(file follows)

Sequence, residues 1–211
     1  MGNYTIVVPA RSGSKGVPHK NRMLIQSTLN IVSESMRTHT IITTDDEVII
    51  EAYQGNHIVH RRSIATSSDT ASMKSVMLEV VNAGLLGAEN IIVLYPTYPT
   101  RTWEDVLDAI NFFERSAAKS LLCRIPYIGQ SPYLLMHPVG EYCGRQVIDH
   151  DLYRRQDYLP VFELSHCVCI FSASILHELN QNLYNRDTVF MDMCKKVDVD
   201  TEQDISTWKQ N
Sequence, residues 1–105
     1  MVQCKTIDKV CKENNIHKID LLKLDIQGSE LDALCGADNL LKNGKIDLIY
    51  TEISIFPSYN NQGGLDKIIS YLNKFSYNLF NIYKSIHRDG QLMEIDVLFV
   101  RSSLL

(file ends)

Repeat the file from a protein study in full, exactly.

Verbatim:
Sequence, residues 1–211
     1  MGNYTIVVPA RSGSKGVPHK NRMLIQSTLN IVSESMRTHT IITTDDEVII
    51  EAYQGNHIVH RRSIATSSDT ASMKSVMLEV VNAGLLGAEN IIVLYPTYPT
   101  RTWEDVLDAI NFFERSAAKS LLCRIPYIGQ SPYLLMHPVG EYCGRQVIDH
   151  DLYRRQDYLP VFELSHCVCI FSASILHELN QNLYNRDTVF MDMCKKVDVD
   201  TEQDISTWKQ N
Sequence, residues 1–105
     1  MVQCKTIDKV CKENNIHKID LLKLDIQGSE LDALCGADNL LKNGKIDLIY
    51  TEISIFPSYN NQGGLDKIIS YLNKFSYNLF NIYKSIHRDG QLMEIDVLFV
   101  RSSLL